Similar crime, different punishment: Campus rape echoes Brock Turner case


A former student at West Chester University in Pennsylvania was sentenced to at least six years in prison this week after he was convicted of raping a female student in her dorm room.

The school expelled 20-year-old Kyle Vo this year following his conviction on charges that included rape of an unconscious person.

The case has invited comparisons to the much-publicized case of Brock Turner, a former Stanford University student who was convicted of three charges of felony sexual assault when witnesses found him on top of an unconscious woman outside a campus fraternity last year.


But Turner was sentenced to six months in prison and three years of probation, a punishment that was widely seen as too lenient and led to a petition to remove Santa Clara County Superior Court Judge Aaron Persky. Hundreds of thousands of people have signed it.

Critics said that Turner received a light sentence because he was a wealthy, white athlete at a prestigious university.

Brock Turner is a lucky guy. From a sentencing standpoint, I think what he did was egregious.

— Martin Mullaney, attorney

Vo, an Asian American, was a 19-year-old freshman at the time of his crime last year. With good behavior, he will serve six years, then five years of probation. Like Turner, he will also be required to register as a sex offender.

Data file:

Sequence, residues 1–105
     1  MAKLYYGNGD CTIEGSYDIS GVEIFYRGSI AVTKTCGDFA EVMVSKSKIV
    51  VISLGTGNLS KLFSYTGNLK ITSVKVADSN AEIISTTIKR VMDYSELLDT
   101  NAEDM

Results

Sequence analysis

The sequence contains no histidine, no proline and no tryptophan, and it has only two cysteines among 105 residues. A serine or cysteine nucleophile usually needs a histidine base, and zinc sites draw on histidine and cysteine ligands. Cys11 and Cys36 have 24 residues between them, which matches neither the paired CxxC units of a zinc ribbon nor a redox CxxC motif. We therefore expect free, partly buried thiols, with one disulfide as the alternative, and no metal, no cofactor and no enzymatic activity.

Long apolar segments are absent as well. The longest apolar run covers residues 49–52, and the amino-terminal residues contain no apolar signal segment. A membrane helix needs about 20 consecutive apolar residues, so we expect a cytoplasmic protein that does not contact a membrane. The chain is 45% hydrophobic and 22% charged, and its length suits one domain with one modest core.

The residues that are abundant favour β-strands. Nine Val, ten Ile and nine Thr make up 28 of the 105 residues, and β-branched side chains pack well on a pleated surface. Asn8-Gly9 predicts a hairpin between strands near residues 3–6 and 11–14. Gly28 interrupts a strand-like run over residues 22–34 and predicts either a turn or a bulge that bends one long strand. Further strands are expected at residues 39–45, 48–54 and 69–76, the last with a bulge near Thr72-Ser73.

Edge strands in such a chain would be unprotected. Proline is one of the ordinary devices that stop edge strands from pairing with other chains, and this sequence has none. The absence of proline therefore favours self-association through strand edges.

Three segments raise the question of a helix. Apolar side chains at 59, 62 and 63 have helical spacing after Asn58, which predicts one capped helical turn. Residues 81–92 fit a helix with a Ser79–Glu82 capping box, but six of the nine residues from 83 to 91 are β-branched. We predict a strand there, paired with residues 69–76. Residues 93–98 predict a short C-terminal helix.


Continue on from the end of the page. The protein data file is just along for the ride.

Vo’s attorney, Martin Mullaney, noted the differences in the sentences.

“Brock Turner is a lucky guy,” he said. “From a sentencing standpoint, I think what he did was egregious.

“The Brock Turner case is much more severe than what happened in this case,” he said.

According to the police report in the Vo case, the victim said she was with friends in her dorm room when Vo showed up with a water bottle filled with vodka. She took several shots. As the night went on, Vo became “touchy” and then raped her.

“The victim stated when she told Vo to stop, he replied, ‘No, baby, its OK,’ ” the police report said.

After Vo left, the victim told a friend and they contacted dorm supervisors and together reported the incident to police.

The victim said she was drifting in and out of consciousness during the rape. But the defense said she was cognizant of what was happening and that the sex was consensual.

“Pennsylvania’s got a tough standard for unconsciousness,” Mullaney said in an interview.

In his telling, his client and the woman, also a freshman, had sex while two other people were in the room. At one point, one woke up and asked the woman whether she was OK, to which she replied that she was.

The victim’s attorney, Andrea Cardamone, said in a memo reported by the Daily Local News that on the night of the rape, while Vo was present, the victim talked about her desire to refrain from having sex until she was married.

“Her virginity mattered to her,” Cardamone wrote. “The defendant saw an opportunity to gratify his sexual desire and he took it.”


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